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The Daily Tar Heel

Grant Gives Firefighters New Equipment

The Federal Emergency Management Agency granted the Chapel Hill Fire Department's request for $183,375 in financial assistance.

The apparatus was made possible after Fire Captain Caprice Mellon requested a grant last spring for financial assistance from the Federal Emergency Management Agency.

The agency responded to Mellon's petition, granting $183,375 in federal funds -- the second largest grant statewide, second only to Apex's $315,000.

The Assistance to Firefighters Program established the FEMA grant to help stations statewide purchase protective equipment.

FEMA will issue $100 million by Sept. 30 in two-year grants to fire departments across the nation.

The Chapel Hill Fire Department opted to use the newly allocated money to purchase new breathing apparatuses and replace equipment that is more than 10 years old.

Price, who presented the fire department with a large check, said last week's terrorist attacks have increased awareness of the significant role firefighters play in the community.

"We think it's important to recognize the Chapel Hill Fire Department for the work they're doing," Price said.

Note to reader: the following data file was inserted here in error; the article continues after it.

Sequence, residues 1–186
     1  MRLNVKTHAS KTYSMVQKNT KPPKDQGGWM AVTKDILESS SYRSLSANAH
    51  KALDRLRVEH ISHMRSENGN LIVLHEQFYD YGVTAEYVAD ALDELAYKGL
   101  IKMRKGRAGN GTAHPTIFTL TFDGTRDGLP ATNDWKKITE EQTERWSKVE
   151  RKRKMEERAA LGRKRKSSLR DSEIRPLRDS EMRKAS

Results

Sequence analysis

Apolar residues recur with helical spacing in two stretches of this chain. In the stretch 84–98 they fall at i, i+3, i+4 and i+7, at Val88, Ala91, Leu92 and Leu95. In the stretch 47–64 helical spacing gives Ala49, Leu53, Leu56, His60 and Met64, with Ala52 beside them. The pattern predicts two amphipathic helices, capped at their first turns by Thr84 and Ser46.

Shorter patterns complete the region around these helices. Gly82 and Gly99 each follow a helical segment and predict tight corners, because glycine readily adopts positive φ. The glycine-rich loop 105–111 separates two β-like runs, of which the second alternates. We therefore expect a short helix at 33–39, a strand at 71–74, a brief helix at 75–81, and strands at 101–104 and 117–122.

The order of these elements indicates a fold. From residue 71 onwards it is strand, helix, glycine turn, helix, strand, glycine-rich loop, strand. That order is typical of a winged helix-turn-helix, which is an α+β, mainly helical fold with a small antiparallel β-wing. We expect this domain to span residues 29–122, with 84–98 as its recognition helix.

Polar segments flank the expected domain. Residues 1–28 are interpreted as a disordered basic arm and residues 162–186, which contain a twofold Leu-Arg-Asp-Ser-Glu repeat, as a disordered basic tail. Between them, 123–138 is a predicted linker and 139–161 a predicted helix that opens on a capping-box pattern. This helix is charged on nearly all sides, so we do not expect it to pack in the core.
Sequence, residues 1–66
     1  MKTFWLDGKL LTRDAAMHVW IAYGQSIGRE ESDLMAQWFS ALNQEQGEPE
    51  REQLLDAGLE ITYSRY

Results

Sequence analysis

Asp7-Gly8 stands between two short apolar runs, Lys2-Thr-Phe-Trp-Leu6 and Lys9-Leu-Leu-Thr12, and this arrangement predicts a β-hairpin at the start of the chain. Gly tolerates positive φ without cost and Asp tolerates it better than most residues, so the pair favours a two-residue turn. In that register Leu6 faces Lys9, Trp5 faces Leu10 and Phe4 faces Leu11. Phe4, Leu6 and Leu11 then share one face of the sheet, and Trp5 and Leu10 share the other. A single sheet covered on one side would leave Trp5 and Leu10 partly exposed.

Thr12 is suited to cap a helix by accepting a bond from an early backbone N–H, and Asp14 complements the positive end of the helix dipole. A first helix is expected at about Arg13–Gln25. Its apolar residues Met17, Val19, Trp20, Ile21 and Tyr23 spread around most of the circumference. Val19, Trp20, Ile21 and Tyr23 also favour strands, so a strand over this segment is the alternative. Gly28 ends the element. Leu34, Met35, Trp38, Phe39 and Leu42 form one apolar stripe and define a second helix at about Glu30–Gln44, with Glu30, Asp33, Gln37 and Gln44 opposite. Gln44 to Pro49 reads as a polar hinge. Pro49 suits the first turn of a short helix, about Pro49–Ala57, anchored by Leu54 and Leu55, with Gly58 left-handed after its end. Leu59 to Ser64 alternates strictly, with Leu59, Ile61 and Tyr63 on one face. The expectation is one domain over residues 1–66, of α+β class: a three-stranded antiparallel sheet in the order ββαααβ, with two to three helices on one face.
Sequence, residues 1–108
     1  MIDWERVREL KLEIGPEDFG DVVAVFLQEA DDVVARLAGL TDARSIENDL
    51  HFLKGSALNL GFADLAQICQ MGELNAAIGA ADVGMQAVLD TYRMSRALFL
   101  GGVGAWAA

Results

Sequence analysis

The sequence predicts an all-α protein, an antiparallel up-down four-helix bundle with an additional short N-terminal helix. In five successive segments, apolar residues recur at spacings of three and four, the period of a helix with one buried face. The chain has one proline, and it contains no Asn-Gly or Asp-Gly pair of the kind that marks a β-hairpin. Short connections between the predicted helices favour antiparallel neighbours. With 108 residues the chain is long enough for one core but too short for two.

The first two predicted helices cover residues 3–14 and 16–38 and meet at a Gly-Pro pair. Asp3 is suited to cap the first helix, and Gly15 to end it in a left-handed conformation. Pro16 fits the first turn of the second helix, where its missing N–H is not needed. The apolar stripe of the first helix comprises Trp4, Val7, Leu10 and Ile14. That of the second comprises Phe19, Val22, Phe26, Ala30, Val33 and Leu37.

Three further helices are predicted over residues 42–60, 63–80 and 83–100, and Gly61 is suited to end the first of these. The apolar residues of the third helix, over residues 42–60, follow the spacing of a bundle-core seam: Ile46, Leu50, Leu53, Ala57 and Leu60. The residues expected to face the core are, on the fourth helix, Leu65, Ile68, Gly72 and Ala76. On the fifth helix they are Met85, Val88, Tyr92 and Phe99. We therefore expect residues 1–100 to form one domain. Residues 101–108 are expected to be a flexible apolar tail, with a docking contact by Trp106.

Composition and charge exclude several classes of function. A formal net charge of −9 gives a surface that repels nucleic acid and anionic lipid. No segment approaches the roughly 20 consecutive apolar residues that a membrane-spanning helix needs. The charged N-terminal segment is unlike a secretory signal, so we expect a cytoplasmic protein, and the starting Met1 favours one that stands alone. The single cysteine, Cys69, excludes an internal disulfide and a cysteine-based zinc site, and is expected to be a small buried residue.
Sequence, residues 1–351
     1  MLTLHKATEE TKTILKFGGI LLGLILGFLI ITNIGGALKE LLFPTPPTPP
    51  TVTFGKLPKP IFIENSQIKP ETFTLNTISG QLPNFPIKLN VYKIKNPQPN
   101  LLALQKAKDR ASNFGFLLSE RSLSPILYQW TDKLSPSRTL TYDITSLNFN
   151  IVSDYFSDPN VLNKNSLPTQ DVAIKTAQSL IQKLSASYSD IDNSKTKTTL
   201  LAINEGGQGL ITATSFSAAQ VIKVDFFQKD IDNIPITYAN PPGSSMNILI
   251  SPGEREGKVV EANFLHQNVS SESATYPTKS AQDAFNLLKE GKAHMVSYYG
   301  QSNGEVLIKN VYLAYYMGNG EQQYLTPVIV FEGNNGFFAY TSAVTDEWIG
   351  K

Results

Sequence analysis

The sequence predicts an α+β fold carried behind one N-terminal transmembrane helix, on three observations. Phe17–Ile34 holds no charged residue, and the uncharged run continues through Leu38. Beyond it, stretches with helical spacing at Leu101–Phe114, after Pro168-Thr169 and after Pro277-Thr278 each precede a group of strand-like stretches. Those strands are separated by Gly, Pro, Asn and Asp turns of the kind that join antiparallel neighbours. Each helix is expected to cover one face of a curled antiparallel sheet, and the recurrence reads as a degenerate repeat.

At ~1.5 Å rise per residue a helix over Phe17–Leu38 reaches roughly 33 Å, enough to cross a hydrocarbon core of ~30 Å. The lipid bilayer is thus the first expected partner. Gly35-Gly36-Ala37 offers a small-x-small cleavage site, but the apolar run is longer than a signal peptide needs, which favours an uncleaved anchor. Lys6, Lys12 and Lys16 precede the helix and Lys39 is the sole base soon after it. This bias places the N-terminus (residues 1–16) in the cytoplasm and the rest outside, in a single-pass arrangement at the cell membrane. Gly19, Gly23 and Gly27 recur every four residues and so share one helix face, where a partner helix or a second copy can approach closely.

During the presentation of the grant, Price spoke about the importance of using equipment that protects the lives of firefighters and enables them to work more efficiently.

The new apparatus enables two firefighters to share a single air unit, a technique called buddy breathing.

Older breathing equipment, utilized during the past 10 years, hindered the ability of firefighters to transfer air if they were injured.

"If you've never sucked in a lung full of sooty, greasy smoke, you can't understand how debilitating it is," Captain Mary Blevins said.

Battalion Chief David Louis said the new breathing equipment also includes form-fitting face masks and comfortable straps.

Another feature of the face mask will help warn firefighters when air supply is low.

The mask will vibrate instead of beeping, giving firefighters a clearer indication that they are in danger.

The new equipment, including the mask, is lighter in weight and will allow firefighters to engage in rescue efforts for longer periods of time.

"The new technology is going to make life safer and easier for the firefighters," Louis said.

Although the FEMA grant was issued before last week's tragic events, the newly appropriated funds have proven timely as rescue efforts of firefighters enter the national spotlight.

"(The tragedy) has helped us recognize what we owe to firefighters every day," Price said.

The impact of last week's terrorist attacks might also affect future distribution of federal grants to fire departments.

"(Hopefully), this grant program will be continued beyond its two-year appropriation," said Fire Chief Dan Jones.

"Everybody is beginning to realize the role that firefighters play in the community -- it's not just fighting fires anymore."

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